Protocol Buffers language version 3 (aka proto3) was released at Jul 2016, which is not compatible to previous version. Proto3 simplifies the protocol buffer language, both for ease of use and to make it available in a wider range of programming languages: our current release lets you generate protocol buffer code in Java, C++, Python, Java Lite, Ruby, JavaScript, Objective-C, and C#.

Apache Thrift

Apache Thrift was first designed internally by Facebook and donated to Apache Foundation afterwards. It has a data serialization format similar to Protobuf, as well as a build-in RFC (remote procedure call) framework.

Thrift is good at building services that work efficiently and seamlessly between C++, Java, Python, PHP, Ruby, Erlang, Perl, Haskell, C#, Cocoa, JavaScript, Node.js, Smalltalk, OCaml and Delphi and other languages.

image reference3

Apache Avro

Apache Avro is a language-neutral data serialization system. The project was created by Doug Cutting (the creator of Hadoop) to address the major downside of Hadoop Writables: lack of language portability.

Avro provides functionality similar to systems such as Thrift, Protocol Buffers, etc. Avro differs from these systems in the following fundamental aspects:

  1. Avro data is described using a language-independent schema. However, unlike in the other systems, code generation is optional in Avro, which means you can read and write data that conforms to a given schema even if your code has not seen that particular schema before. To achieve this, Avro assumes that the schema is always present at both read and write time. Avro schemas are defined with JSON . This facilitates implementation in languages that already have JSON libraries.
  2. Dynamic typing: Avro does not require that code be generated. Data is always accompanied by a schema that permits full processing of that data without code generation, static datatypes, etc. This facilitates construction of generic data-processing systems and languages.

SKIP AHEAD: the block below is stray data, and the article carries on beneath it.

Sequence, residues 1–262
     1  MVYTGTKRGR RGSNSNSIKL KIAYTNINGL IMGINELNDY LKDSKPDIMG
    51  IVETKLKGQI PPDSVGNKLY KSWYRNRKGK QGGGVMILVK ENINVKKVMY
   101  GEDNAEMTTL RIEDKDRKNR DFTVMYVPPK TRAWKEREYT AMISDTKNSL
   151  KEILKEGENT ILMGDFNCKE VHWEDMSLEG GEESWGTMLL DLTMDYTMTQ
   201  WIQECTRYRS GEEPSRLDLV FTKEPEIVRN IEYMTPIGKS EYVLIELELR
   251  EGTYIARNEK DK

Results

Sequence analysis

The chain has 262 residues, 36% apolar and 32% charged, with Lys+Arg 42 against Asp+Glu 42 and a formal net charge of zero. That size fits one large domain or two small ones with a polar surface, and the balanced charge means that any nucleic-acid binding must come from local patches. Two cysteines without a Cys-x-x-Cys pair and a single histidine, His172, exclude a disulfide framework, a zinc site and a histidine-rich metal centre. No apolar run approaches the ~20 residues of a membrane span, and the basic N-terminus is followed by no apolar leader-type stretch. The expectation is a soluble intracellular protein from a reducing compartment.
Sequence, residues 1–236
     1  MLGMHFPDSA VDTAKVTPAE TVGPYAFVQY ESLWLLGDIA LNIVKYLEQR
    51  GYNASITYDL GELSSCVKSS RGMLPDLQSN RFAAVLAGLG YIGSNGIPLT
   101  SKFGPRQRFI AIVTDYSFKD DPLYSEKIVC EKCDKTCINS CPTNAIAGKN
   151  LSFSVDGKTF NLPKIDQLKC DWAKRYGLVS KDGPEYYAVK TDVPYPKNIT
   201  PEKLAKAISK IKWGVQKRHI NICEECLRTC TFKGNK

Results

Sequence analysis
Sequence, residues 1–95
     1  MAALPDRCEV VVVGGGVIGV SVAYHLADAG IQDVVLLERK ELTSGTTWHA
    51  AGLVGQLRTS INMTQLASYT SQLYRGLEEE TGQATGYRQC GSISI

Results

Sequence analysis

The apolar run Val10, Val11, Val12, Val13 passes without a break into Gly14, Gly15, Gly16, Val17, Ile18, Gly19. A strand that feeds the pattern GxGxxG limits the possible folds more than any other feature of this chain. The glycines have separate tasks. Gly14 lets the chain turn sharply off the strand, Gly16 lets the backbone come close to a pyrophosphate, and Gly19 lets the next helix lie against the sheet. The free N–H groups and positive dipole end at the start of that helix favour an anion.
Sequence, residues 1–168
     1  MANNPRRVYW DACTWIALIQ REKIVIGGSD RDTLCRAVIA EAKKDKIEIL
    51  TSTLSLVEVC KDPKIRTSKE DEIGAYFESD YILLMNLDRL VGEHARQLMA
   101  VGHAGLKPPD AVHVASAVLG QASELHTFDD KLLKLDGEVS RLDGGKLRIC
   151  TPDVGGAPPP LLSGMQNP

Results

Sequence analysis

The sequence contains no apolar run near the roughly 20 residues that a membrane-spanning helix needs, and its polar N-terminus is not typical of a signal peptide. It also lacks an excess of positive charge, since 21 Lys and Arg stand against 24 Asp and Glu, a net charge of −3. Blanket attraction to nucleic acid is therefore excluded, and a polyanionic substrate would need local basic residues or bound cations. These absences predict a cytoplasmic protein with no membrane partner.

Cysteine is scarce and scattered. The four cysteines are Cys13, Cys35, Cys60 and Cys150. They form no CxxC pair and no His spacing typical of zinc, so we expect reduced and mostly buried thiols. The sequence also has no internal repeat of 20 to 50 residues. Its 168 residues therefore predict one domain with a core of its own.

3. Untagged data: Since the schema is present when data is read, considerably less type information need be encoded with data, resulting in smaller serialization size.
  4. No manually-assigned field IDs: When a schema changes, both the old and new schema are always present when processing data, so differences may be resolved symbolically, using field names.

Apache Avro supports languages like C, C++, C#, Go, Haskell, Java, Perl, PHP, Python, Ruby, Scala. What’s more important, it works really well with Apache Hadoop/Spark ecosystem.

Cap’n Proto

Cap’n Proto is an fast data interchange format and capability-based RPC system. The main selling point of Cap’n Proto is that there is no encoding/decoding step. In other words, Cap’n Proto has the ability to read data without first unpacking it. It is primarily created at around 2014 by Kenton Varda, who was the primary author of Protocol Buffers version 2, which is the version that Google released open source.


FlatBuffers is an open source project from Google created mainly by Wouter van Oortmerssen. It is an evolution of protocol buffers that includes object metadata. FlatBuffers follows similar design principles to Cap’n Proto, which is that data should be structured the same way in-memory and on the wire, thus avoiding costly encode/decode steps.

No matter how similar they are, there is one scenario where flatbuffers handles better than Cap’n Proto: FlatBuffers, like Protobuf, has the ability to leave out arbitrary fields from a table (better yet, it will automatically leave them out if they happen to have the default value). as data evolves, cases where lots of field get added/removed, or where a lot of fields are essentially empty are extremely common, making this a vital feature for efficiency, and for allowing people to add fields without instantly bloating things.

In particular, FlatBuffers focus is on mobile hardware (where memory size and memory bandwidth is even more constrained than on desktop hardware), and applications that have the highest performance needs: games. Facebook has this awesome post about how they improved Facebook’s performance on Android with FlatBuffers.